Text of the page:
• Our Safe and Sustainable Operations Policy sets out the expectation that we will design, build and maintain safe working conditions and take responsibility for the health and wellbeing at work of our staff and contractors.
  • Our Contracts & Procurement Standard sets out minimum requirements for the placement of contracts for goods, works and services, and our Group Supplier Due Diligence procedure sets out due diligence requirements in respect of human rights and labour conditions. In 2018, Tullow updated its standard form procurement contract templates to include specific references to compliance with applicable anti-slavery and human trafficking laws.

DUE DILIGENCE and assurance

Tullow seeks to meet the commitments in its Human Rights Policy by, for example, identifying and assessing the potential for human rights impacts through Environmental and Social Impact Assessments and through implementation of the Voluntary Principles on Security & Human Rights.

We have a supplier audit programme in place to address risks related to business ethics and compliance, including human rights and labour conditions.  The results of such audits may, if needed, generate a requirement that suppliers improve their human rights and modern slavery controls.

Our Speaking-Up mechanism is designed to provide Tullow staff and anyone performing services for Tullow with a safe and secure method of reporting matters related to their working environment, including where they believe our Code of Ethical Conduct has been breached.  This includes an independent and confidential mechanism for reporting.  We also have a grievance procedure designed to resolve instances where our staff feel they have been disadvantaged or treated unfairly in relation to their terms and conditions, health and safety, working environment, bullying and harassment.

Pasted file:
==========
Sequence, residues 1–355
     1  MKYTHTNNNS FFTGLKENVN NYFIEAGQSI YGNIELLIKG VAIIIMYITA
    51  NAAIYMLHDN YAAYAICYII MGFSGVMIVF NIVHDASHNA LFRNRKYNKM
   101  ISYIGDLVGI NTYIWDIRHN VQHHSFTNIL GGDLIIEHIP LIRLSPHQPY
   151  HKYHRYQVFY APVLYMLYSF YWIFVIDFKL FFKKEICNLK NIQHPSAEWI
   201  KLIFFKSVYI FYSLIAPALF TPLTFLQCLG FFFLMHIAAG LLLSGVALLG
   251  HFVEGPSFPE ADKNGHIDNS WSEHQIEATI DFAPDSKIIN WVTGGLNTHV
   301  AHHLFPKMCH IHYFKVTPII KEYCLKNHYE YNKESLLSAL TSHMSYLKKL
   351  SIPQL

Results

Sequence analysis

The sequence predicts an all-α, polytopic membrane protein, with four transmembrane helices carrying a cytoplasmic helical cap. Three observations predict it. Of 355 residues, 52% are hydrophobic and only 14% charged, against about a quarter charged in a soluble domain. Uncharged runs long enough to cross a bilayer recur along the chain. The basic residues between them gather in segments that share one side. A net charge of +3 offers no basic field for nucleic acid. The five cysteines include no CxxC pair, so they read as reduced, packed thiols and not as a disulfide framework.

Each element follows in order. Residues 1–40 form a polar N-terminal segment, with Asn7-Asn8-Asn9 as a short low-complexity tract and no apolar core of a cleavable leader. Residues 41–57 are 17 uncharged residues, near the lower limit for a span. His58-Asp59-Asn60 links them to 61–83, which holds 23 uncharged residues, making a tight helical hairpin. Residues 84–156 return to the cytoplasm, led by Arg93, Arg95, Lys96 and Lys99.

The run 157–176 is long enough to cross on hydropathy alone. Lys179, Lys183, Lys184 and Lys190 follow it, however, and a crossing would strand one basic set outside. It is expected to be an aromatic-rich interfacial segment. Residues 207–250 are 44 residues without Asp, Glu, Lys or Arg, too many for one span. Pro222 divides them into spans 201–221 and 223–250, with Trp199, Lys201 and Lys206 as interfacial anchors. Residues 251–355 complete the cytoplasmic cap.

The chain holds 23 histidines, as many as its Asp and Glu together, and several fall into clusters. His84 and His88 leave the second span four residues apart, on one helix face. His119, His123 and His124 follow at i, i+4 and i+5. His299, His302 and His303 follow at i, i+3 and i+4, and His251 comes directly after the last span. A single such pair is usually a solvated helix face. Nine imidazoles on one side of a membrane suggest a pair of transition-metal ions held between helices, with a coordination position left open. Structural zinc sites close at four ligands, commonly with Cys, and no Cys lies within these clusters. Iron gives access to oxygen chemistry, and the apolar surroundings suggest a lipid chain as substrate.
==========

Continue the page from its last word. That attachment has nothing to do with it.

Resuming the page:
Training

In 2018, we reviewed our Code of Ethical Conduct, enhancing the human rights section further with an explicit reference to modern slavery and human trafficking.  All Tullow staff are required to complete the Company’s Code of Ethical Conduct e-learning course, which was developed to ensure greater awareness of the Code’s requirements and support application of the Code in our day-to-day activities.  In 2018, all Tullow staff completed this internal course, which included a new section on identifying instances of modern slavery.  We also completed our annual certification process, obtaining disclosure from all Tullow staff about their level of compliance with the Code and its accompanying standards, procedures and guidelines. 

During 2018, Tullow again carried out due diligence training across our Supply Chain function to reinforce awareness of the processes in place to prevent modern slavery in our supply chain.

Next steps

In 2019, we will continue to emphasise to our suppliers our commitment to ensuring that modern slavery and human trafficking is not part of our supply chain.

This statement was reviewed and approved by the Board of Tullow Oil plc.

Signed for and on behalf of the Board of Tullow Oil plc.

 Paul sig200x

Paul McDade
Chief Executive Officer
31 March 2019



1 This statement covers Tullow’s 2018 financial year, which ended on 31st December 2018.

2 Tullow Oil plc is the parent company of the Tullow Group of companies. In this statement, “Tullow”, “we”, “us”,“our” and “the Company” are sometimes used to refer to Tullow Oil plc and its subsidiaries.  See Tullow Annual Report 2018 pg.171-173.

3 Tullow Human Rights Policy, May 2017

4 Ghana, Gabon, Côte d’Ivoire, Equatorial Guinea, Mauritania, Kenya, Uganda, Comoros, Zambia, Namibia, UK, Pakistan, Peru, Jamaica, Suriname, Guyana, Uruguay.